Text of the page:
So you've identified the process you want to move. You've turned off the ptrace_scope for the moment. Now it's time to move it. reptyr -s pid will change the pts of that process, which we'll say was at pts/0 but is now at pts/12 or some other place.

Crisis 3: The tee Party

As I stated in the previous section, sudo echo 0 > /proc/sys/kernel/yama/ptrace_scope did not work. I tried everything I could think of. I tried sudo sed -i "s/0/1/" and I tried using sudo vim. But the kernel would not allow this change, which would have reset itself on restart of the computer if by chance I didn't reset it later. (There's a more permanent way to set it, but I would not advise doing it.)

The work around used the tee command. Instead of pushing data in to a file through a standard output method (>), I used a pipe instead.

echo 0 | sudo tee /proc/sys/kernel/yama/ptrace_scope
A recap summary

That was a long explaination so let's recap.

CTRL+ALT+1                                                   # Switch to a blank terminal and log in.
$ ps -AH | less                                              # Look up the PID and TTY (pts) of the process you want to save and the PIDs you want to kill.
$ tmux                                                       # Open the multiplexer program
$ echo 0 | sudo tee /proc/sys/kernel/yama/ptrace_scope       # Temporarily disable ptrace_scope in the kernel.
$ reptyr -s save_me_pid                                      # Have reptyr move the process you want to save. (This PID's child processes will also be saved if there are any.)
CTRL+B c                                                     # Create a new window in tmux
$ sudo kill kill_bad_pids                                    # Kill the old PIDs that previously manipulated the pid you want to save.
CTRL+B :choose-session -t this_window_number                 # Envoke a menu to choose the detached set of windows the saved process represents. (Arrows move up and down the list. Return selects. Esc cancels.)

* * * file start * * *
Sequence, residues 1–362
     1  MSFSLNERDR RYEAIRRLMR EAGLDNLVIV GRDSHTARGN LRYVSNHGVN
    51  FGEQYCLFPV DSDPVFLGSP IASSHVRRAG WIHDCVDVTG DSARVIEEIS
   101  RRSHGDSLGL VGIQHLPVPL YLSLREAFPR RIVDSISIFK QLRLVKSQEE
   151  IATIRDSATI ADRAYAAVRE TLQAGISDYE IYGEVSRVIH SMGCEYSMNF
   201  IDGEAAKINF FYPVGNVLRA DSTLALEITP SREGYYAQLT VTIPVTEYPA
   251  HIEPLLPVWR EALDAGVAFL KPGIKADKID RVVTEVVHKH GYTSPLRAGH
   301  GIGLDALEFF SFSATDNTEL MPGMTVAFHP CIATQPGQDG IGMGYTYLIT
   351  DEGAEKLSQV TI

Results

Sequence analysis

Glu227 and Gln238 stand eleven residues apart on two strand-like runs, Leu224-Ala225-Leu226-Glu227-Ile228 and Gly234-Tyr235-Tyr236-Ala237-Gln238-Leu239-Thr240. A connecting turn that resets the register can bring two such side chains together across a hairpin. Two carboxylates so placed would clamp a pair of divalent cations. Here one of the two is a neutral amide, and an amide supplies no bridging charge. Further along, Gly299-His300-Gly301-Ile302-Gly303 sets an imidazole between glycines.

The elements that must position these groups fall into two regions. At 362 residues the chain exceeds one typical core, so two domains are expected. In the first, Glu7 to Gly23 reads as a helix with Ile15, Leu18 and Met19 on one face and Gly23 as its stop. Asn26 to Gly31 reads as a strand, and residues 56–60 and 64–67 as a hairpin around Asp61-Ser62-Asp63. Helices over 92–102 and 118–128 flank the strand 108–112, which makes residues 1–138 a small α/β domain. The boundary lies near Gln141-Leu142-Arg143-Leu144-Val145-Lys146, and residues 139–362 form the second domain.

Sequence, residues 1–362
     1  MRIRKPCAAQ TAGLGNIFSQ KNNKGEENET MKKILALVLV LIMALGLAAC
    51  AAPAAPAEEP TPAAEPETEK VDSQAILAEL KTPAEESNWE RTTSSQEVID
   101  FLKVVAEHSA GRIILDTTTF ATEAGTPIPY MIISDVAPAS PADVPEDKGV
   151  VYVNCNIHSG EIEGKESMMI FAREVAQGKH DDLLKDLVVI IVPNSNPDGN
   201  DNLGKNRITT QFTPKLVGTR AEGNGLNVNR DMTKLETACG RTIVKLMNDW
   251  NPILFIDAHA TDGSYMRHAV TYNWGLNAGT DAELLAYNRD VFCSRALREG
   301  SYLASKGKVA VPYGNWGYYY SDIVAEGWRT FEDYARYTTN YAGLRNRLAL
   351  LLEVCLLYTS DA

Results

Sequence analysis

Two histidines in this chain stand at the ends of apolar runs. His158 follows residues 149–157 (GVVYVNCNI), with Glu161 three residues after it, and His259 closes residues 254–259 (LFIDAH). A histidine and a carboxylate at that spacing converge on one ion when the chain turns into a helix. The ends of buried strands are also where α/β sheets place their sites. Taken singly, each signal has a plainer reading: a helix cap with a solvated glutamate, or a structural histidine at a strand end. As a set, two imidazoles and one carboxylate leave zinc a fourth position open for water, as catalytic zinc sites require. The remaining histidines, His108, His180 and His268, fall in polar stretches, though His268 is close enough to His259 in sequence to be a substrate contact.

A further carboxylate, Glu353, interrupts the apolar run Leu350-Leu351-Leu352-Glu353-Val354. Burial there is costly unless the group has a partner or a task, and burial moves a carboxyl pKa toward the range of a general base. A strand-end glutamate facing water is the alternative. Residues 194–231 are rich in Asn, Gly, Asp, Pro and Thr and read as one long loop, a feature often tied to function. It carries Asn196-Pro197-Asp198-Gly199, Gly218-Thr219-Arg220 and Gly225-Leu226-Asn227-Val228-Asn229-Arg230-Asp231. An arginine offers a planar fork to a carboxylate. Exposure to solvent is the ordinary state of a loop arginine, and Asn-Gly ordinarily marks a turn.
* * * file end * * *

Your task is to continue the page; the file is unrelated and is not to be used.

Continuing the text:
$ echo 1 | sudo tee /proc/sys/kernel/yama/ptrace_scope       # Re-enable ptrace_scope for security.

And you are back in business! Or at least get a chance to save stuff before rebooting the computer.

The Lifelines

One of the reasons this took solong was because an old piece of software called Privoxy prevented me from using lynx from looking up a solution. Privoxy sort of gummed up everything by setting a proxy to route Lynx to 127.0.0.1:8118 because there was an environment variable set. If this is a problem for you like it was for me, consider unset http_proxy if by chance http_proxy shows up when you env | grep "http_proxy". At any rate, Lynx is a must have piece of software when you can't use Chrome, Firefox, or Opera.

Secondly, it helps to seek outside help. IRC is the place to do that if you are a geek. The best IRC software hands down is IRSSI. I think I may have mentioned that in the past, but it's worth repeating. ##linux is more helpful than #bash in case you are wondering.

Well, that's it. I stood up all night to write this piece. But before I go I want to mention, I'm on Google+ now. So in case LinkedIn wasn't enough to snoop around on what I do when I'm not working on stuff, there you go.. Hopefully, the rest of the day will be better.